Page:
The drawings by Michelangelo provide a unique and rare insight into how the artist worked and thought. Each drawing is a beautiful artwork in its own right but they also simultaneously provide a crucial link between his work as a painter, sculptor and architect.
Michelangelo was astonishingly celebrated during his lifetime, so much so that other artists produced portraits of him and three biographies were written. His artistic achievements set him in a class apart from his contemporaries; after the death of his main rival Raphael in 1520, he was to dominate the Roman art world for more than four decades. His primary focus as an artist was the male body, and his drawings chart his persistent search to find poses that would most eloquently express the emotional and spiritual state of his subjects.
Michelangelo’s drawings were never intended for public display, as he hated showing them to outsiders. He destroyed a large number before he died, probably to prevent them from falling into other hands; he may also have wished to conceal the amount of preparation behind his major works.
Michelangelo was the second of five sons, born in March 1475 near Arezzo in Italy. His family was middle-class – his father was a minor Florentine civil servant – but the family had fallen on hard times.
Michelangelo’s artistic career began at the age of twelve, despite his family’s disapproval because of the low status of artists at the time. He was apprenticed to the successful Florentine artist Domenico Ghirlandaio. Although later in life he claimed to be entirely self-taught, Ghirlandaio’s influence can be seen in his work.
After leaving Ghirlandaio’s studio Michelangelo went to work for Lorenzo the Magnificent, the ruler of Florence and head of the powerful Medici family. Lorenzo spotted his gift as a sculptor and soon Michelangelo was invited to join his household. Here he met two of his most important future patrons: Giovanni de’ Medici (the future Pope Leo X) and his cousin Giulio, who became Pope Clement VII.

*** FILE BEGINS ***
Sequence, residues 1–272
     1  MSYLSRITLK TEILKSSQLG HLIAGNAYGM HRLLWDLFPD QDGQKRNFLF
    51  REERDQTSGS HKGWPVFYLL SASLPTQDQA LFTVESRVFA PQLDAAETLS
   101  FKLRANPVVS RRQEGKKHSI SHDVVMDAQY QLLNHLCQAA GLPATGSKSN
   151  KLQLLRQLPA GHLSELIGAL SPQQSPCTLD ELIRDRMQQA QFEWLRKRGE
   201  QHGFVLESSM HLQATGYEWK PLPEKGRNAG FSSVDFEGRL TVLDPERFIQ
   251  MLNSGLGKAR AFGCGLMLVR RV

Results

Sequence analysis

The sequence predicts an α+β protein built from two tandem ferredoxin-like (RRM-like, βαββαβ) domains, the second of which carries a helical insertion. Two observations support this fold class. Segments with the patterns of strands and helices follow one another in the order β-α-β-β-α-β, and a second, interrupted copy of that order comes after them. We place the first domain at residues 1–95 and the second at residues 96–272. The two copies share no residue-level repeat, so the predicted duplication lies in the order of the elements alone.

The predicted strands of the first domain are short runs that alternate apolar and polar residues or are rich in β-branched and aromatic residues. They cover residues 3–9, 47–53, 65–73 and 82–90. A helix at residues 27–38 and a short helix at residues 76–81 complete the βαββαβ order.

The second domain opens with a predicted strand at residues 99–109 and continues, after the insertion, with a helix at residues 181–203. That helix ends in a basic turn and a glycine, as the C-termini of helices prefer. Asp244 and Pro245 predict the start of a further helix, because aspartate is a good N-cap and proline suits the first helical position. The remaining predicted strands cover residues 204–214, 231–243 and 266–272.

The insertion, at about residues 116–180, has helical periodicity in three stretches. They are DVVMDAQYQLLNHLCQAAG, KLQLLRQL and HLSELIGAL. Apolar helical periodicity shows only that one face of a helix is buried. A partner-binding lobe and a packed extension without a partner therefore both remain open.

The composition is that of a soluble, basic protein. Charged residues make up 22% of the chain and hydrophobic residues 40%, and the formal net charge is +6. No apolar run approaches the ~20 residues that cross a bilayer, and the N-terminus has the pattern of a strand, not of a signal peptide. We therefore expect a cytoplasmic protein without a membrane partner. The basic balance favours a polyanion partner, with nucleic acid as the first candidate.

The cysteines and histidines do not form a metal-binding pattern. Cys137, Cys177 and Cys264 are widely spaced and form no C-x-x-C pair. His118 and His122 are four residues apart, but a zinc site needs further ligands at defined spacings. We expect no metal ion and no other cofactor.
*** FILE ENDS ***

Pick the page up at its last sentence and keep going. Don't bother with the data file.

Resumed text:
When Lorenzo died in 1492, Michelangelo went on to serve his heir, Piero, whose control of Florence only lasted two years. To avoid the political turmoil surrounding the Medici’s fall, the artist went to Rome, where he made his name with the celebrated marble sculpture the Pietà, now in St Peter’s basilica in the Vatican. He returned to Florence in 1501 and the next four years – during which he became a lifelong supporter of Florentine republicanism – was one of the most productive periods of his life.
Domenico Ghirlandaio (about 1448/9-1494) ran one of Florence’s most successful workshops and was a hardworking and talented artist. By the time Michelangelo joined his studio at the age of twelve in 1487, Ghirlandaio was part of the way through painting an ambitious series of frescoes for the choir chapel in the church of Santa Maria Novella in Florence.
The frescoes illustrated the life of the Virgin and St John the Baptist, and the young Michelangelo almost certainly assisted in their creation. This study for The Birth of the Virgin must have been drawn at a very early stage as the architectural setting was refined in later drawings. Ghirlandaio’s principal aim here appears to have been the arrangement of the figures. These are shown as spindly bodies with blank ovals for heads and blobs as hands – a technique strikingly similar to Michelangelo’s in some of his preliminary compositional sketches.
I particularly adore his drapery studies. They are stunning. I find myself returning to his drapery studies just because I enjoy them so much. Im not sure why. There is just something about them that I really love.